The history of the International House of Prayer is intimately connected with that of its founder Mike Bickle. Bickle, a native of Kansas City, began his formal ministry in St. Louis. While pastoring a church he had started, Bickle was visited by Augustine who prophesied that he was to come to Kansas City.

Before coming to Kansas City, Bickle took an extended trip overseas. While in Cairo Egypt, Bickle relates that he heard, “the internal, audible voice of the Lord.” He claims he heard the very words and the intonation of the voice. The Lord said, “I am going to change the understanding and expression of Christianity in the whole world in one generation.”  This is the first of many personal encounters with God that provide the direction for IHOP. Upon arriving in Kansas City, Bickle established South Kansas City Fellowship (KCF).

While IHOP is not a church, it is important to understand that the groundwork for all that is happening in IHOP now was being set in place in those early days. Bickle states that the majority of the pivotal prophecies were given in 1983 and 1984. One such prophecy, known as “The Blueprint Prophecy” was received on March 26, 1984 in written form from a prophet Bickle claims was unknown to him. This prophecy reportedly gives God’s blueprint for the ministry.  This prophecy was not released publicly until approximately 2003. It has never been released in full and three differing versions of it can be found on the internet.

One of the most important occurrences in the first days of Bickle’s ministry in Kansas City was his introduction to Bob Jones. Space will not permit a discussion of the prophecies and alleged supernatural signs that occurred at that time. Upon their first encounter, Bickle was certain that Jones was the false prophet Augustine had warned of.  However through a series of signs, Bickle became convinced that Jones was truly a prophet of God.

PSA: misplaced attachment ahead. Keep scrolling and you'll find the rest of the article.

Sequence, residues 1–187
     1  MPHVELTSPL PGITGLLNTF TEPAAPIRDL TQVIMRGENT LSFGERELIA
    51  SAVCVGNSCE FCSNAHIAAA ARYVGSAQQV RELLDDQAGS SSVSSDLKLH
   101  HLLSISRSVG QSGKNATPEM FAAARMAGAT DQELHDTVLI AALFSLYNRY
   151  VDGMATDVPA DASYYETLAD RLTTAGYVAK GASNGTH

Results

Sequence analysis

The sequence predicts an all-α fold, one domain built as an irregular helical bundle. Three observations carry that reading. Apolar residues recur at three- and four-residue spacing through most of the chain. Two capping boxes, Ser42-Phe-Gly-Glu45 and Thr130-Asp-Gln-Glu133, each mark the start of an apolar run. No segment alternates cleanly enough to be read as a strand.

In a relatively short amount of time other people claiming prophetic giftings joined KCF. Men like John Paul Jackson, Jim Goll, David Parker and, eventually Paul Cain joined Bob Jones as prophetic voices to Mike Bickle. They became known as the Kansas City Prophets. These men began to prophesy in other churches. In some cases, evidence exists that they prophesied that God was calling these churches to merge with KCF or that God would write, “Ichabod” over their churches.6 Letters from that time indicate that some ministries did join. In time the ministry changed its name to Metro Christian Fellowship.